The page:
I've only been doing dry van for a couple months now, I'm with a small company and I've only once had to restack a pallet that the product slid off pallet. I went over Mt Hood crazy curves, guess I took one to fast, lol.

Dry Van:

A trailer or truck that that requires no special attention, such as refrigeration, that hauls regular palletted, boxed, or floor-loaded freight. The most common type of trailer in trucking.
Matt M.'s Comment
member avatar

Solo? Never. Maybe to toss a rejected pallet into a dumpster (if Prime says to dispose of course).

If you run team the only loads that you would unload yourself is flowers at Prime. As far as I know no one runs flowers solo.

Page 1 of 2 Next Page Go To Page:

New Reply:

New! Check out our help videos for a better understanding of our forum features

Bold
Italic
Underline
Quote
Photo
Link
Smiley
Links On TruckingTruth


example: TruckingTruth Homepage



example: https://www.truckingtruth.com
Submit
Cancel
Upload New Photo
Please enter a caption of one sentence or less:

Click on any of the buttons below to insert a link to that section of TruckingTruth:

Getting Started In Trucking High Road Training Program Company-Sponsored Training Programs Apply For Company-Sponsored Training Truck Driver's Career Guide Choosing A School Choosing A Company Truck Driving Schools Truck Driving Jobs Apply For Truck Driving Jobs DOT Physical Drug Testing Items To Pack Pre-Hire Letters CDL Practice Tests Trucking Company Reviews Brett's Book Leasing A Truck Pre-Trip Inspection Learn The Logbook Rules Sleep Apnea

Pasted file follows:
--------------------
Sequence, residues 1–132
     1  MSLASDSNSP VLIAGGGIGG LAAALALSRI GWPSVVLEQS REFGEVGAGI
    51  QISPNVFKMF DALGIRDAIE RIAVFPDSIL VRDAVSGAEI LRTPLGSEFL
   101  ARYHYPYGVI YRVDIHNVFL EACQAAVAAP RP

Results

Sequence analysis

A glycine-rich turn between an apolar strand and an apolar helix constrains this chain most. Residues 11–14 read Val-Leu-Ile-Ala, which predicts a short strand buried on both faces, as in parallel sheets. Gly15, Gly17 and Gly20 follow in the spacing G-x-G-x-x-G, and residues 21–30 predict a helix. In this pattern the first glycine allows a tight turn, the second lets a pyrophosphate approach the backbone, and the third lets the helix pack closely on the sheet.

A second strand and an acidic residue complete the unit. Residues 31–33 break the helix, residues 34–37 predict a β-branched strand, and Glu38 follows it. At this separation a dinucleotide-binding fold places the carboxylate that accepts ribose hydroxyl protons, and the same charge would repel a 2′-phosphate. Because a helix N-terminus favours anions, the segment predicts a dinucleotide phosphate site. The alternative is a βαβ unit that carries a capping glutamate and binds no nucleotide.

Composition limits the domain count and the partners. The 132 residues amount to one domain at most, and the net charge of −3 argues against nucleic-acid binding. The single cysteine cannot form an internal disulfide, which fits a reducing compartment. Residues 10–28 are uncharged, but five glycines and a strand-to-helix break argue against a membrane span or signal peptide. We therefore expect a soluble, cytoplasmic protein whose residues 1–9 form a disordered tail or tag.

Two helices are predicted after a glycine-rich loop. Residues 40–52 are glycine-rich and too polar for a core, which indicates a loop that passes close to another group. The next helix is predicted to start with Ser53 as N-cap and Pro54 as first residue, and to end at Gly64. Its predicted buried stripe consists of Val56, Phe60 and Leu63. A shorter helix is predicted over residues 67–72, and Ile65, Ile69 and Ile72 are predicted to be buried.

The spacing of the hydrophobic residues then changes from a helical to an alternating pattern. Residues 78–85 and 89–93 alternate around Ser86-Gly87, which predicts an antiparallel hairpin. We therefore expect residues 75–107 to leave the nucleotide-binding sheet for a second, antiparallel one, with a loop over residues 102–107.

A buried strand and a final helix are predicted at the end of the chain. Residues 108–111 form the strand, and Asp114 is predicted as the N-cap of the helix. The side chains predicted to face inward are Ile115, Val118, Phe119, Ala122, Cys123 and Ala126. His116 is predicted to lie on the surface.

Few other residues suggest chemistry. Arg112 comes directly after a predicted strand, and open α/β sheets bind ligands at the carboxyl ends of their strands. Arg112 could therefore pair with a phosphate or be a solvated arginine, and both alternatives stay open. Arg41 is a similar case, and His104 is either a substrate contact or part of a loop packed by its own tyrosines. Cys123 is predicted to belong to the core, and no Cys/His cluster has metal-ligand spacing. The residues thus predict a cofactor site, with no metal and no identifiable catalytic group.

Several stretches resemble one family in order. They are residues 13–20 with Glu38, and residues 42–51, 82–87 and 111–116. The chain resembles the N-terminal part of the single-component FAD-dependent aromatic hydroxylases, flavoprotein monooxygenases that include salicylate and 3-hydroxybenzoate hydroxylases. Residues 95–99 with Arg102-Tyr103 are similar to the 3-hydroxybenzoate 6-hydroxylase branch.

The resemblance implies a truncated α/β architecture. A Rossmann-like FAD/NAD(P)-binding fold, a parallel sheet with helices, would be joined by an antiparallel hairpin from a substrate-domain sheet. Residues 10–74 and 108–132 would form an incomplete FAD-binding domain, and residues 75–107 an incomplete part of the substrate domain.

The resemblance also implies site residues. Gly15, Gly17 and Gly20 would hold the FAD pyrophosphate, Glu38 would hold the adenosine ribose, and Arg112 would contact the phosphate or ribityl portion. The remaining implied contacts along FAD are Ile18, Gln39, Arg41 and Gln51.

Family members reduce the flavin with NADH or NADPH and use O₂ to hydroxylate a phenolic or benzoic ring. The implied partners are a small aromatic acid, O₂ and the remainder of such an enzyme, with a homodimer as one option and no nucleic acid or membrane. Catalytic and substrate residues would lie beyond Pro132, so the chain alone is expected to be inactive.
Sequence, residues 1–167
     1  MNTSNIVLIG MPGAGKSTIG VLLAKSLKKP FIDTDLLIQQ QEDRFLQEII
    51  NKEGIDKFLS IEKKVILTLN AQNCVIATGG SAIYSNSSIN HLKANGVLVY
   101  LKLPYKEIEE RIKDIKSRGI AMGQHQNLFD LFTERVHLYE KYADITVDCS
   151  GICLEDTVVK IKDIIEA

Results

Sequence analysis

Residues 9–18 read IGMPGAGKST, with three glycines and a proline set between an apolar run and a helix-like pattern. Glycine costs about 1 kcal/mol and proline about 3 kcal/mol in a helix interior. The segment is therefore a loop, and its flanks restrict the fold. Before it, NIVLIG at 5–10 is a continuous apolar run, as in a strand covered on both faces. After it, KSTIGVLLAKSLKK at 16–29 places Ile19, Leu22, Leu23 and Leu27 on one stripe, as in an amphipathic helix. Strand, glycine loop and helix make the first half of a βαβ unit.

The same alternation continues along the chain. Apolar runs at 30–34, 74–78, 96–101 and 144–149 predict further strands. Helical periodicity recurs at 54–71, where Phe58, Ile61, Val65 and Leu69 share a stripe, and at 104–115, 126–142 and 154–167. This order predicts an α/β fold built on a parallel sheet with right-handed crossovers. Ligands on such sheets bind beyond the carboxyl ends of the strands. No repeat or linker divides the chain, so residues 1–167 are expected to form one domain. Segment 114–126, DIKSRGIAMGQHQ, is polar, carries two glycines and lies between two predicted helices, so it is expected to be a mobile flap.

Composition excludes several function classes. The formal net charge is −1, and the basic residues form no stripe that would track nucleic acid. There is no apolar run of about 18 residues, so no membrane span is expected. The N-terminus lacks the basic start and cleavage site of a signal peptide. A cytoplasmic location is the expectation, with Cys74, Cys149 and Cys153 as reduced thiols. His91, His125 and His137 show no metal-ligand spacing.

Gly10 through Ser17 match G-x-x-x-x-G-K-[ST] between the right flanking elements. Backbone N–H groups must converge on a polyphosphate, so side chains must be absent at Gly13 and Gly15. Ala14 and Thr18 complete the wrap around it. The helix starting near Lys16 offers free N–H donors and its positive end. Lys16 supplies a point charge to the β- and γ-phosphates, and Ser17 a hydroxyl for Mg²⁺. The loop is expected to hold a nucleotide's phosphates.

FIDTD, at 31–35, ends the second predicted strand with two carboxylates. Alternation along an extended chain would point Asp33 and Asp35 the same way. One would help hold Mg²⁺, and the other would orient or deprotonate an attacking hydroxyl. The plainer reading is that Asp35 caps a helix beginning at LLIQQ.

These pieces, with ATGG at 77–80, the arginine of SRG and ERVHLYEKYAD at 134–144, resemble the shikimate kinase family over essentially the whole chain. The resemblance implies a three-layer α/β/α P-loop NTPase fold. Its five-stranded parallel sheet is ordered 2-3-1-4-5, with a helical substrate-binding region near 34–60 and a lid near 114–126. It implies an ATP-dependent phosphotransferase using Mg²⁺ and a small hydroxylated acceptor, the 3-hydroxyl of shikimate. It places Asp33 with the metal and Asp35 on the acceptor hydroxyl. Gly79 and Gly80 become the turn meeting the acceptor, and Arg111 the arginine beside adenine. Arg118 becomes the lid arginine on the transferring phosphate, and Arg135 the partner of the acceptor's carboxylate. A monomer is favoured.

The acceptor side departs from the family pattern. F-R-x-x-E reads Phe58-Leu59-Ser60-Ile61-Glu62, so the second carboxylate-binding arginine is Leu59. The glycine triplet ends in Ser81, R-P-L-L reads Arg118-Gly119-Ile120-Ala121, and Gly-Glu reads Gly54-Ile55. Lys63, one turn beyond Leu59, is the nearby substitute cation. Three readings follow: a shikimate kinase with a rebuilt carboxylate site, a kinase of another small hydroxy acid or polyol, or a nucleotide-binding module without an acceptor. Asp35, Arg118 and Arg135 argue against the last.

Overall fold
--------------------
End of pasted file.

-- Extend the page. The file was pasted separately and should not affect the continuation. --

Done
Done

0 characters so far - 5,500 maximum allowed.
Submit Preview

Preview:

Submit
Cancel

Join Us!

We have an awesome set of tools that will help you understand the trucking industry and prepare for a great start to your trucking career. Not only that, but everything we offer here at TruckingTruth is 100% free - no strings attached! Sign up now and get instant access to our member's section:
High Road Training Program Logo
  • The High Road Training Program
  • The High Road Article Series
  • The Friendliest Trucker's Forum Ever!
  • Email Updates When New Articles Are Posted

Apply For Paid CDL Training Through TruckingTruth

Did you know you can fill out one quick form here on TruckingTruth and apply to several companies at once for paid CDL training? Seriously! The application only takes one minute. You will speak with recruiters today. There is no obligation whatsoever. Learn more and apply here:

Apply For Paid CDL Training

About Us

TruckingTruth was founded by Brett Aquila (that's me!), a 15 year truck driving veteran, in January 2007. After 15 years on the road I wanted to help people understand the trucking industry and everything that came with the career and lifestyle of an over the road trucker. We'll help you make the right choices and prepare for a great start to your trucking career.

Read More

Becoming A Truck Driver

Becoming A Truck Driver is a dream we've all pondered at some point in our lives. We've all wondered if the adventure and challenges of life on the open road would suit us better than the ordinary day to day lives we've always known. At TruckingTruth we'll help you decide if trucking is right for you and help you get your career off to a great start.

Learn More